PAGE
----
These and other objects are realised by the inventive method, which comprises the steps of repetitively determining from signals dependent from the acoustical signals a respective mutual delay signal according to reception delay at the at least two transducers; subjecting a signal dependent from the output signal of at least one of the at least two transducers to filtering with a filtering transfer characteristic; and of controlling the filtering transfer characteristic in dependency of the mutual delay signal; further exploiting a signal dependent from the output signal of the filtering as electrical reception signal.
To fulfil the above mentioned objects the inventive acoustical sensor apparatus comprises at least two acoustical/electrical transducers, arranged at a predetermined mutual distance in target direction, a time delay detection unit, which has at least two inputs and an output, the inputs thereof being respectively operationally connected to the outputs of the two transducers, whereby the time delay detection unit generates an output signal in dependency of the time delay of acoustical signals, impinging on the at least two spaced apart transducers, preferably a time domain to frequency domain converter unit generating the output signal of said time delay detection unit in frequency domain; a weighing unit with a predetermined weighing characteristic and with an input and with an output, whereby the input thereof is operationally connected to the output of the time delay detection unit and preferably receiving the signal at said output of said time delay detection unit in frequency domain mode; with a filter unit with a controllable transfer characteristic, which has at least one input, a control input and an output and whereat the input is operationally connected to at least one of the outputs of the at least two transducers, preferably via at least one time domain to frequency domain converter, the control input is operationally connected to the output of the weighing unit, the filter unit generating an output signal in dependency of its input signal and of its transfer characteristic which is controlled by the signal—preferably a spectral signal—which is applied to the control input of the filter unit, this weighing—preferably spectral weighing—result signal being dependent from the output signal of the time delay detection unit and the weighing characteristic of the weighing unit.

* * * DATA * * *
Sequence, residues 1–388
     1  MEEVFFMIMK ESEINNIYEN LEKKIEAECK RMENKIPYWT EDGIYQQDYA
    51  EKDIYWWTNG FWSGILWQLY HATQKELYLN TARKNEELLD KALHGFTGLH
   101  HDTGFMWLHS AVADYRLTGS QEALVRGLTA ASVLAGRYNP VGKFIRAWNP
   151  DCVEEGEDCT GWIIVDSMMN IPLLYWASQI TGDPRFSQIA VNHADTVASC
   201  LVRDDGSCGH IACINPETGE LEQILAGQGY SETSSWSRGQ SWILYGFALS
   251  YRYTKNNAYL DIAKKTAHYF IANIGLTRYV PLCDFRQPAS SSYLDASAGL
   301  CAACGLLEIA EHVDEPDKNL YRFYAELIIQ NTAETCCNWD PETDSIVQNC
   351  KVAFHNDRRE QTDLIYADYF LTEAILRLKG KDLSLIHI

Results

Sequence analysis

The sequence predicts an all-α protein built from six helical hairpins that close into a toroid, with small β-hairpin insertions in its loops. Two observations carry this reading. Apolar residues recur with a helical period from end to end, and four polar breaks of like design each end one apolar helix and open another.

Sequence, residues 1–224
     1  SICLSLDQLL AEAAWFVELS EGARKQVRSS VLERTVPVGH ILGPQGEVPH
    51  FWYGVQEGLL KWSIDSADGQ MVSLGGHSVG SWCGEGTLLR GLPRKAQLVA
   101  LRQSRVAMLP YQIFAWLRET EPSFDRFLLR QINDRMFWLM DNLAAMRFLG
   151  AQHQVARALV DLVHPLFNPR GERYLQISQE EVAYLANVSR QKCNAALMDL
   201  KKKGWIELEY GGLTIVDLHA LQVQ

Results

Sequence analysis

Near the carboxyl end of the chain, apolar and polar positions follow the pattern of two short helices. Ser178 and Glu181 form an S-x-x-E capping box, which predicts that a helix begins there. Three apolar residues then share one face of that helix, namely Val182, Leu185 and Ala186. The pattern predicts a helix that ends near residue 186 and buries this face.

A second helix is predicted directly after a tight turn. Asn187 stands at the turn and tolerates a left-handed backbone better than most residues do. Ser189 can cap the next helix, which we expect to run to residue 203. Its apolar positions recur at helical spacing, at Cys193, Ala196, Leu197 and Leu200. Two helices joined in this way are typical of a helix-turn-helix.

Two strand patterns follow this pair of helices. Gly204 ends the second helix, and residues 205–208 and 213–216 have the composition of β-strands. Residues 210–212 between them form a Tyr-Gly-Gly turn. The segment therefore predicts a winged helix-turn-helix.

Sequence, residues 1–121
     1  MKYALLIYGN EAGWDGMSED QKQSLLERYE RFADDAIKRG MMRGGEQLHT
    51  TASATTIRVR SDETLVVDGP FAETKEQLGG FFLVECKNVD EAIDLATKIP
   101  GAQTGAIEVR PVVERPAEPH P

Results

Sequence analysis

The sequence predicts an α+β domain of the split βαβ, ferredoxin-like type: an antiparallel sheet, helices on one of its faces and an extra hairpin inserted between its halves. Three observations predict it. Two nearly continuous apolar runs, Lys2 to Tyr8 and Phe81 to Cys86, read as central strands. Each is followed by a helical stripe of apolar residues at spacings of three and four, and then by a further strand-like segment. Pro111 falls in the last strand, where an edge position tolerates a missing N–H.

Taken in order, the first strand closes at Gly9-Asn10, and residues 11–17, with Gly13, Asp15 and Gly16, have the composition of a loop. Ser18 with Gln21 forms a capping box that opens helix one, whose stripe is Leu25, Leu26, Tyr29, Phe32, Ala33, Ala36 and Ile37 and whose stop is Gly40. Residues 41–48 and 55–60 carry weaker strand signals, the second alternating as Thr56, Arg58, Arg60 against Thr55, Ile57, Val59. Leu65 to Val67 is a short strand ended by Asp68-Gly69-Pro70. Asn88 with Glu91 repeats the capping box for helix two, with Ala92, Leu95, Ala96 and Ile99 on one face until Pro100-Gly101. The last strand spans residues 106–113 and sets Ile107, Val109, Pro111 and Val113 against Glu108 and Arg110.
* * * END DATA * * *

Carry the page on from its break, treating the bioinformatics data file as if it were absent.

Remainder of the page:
Other objects, advantages and specific embodiments of the present invention shall be exemplified with the help of further figures. The figures show:
FIG. 1: A functional block diagram of a two-cell directional microphone arrangement according to the prior art principle of “delay and sum”;
FIG. 2: the first order cardoid amplification characteristic of prior art arrangement according to FIG. 1;
FIG. 3: departing from the prior art arrangement of FIG. 1 a further arrangement following up the technique of “delay and sum” for realising second order characteristic;
FIG. 4: the second order amplification characteristic as realised by the prior art arrangement according to FIG. 3;
FIG. 5: in dependency of frequency the amplification characteristic of the arrangement according to FIG. 1 or 3 at maximum amplification impinging angle of acoustical signals;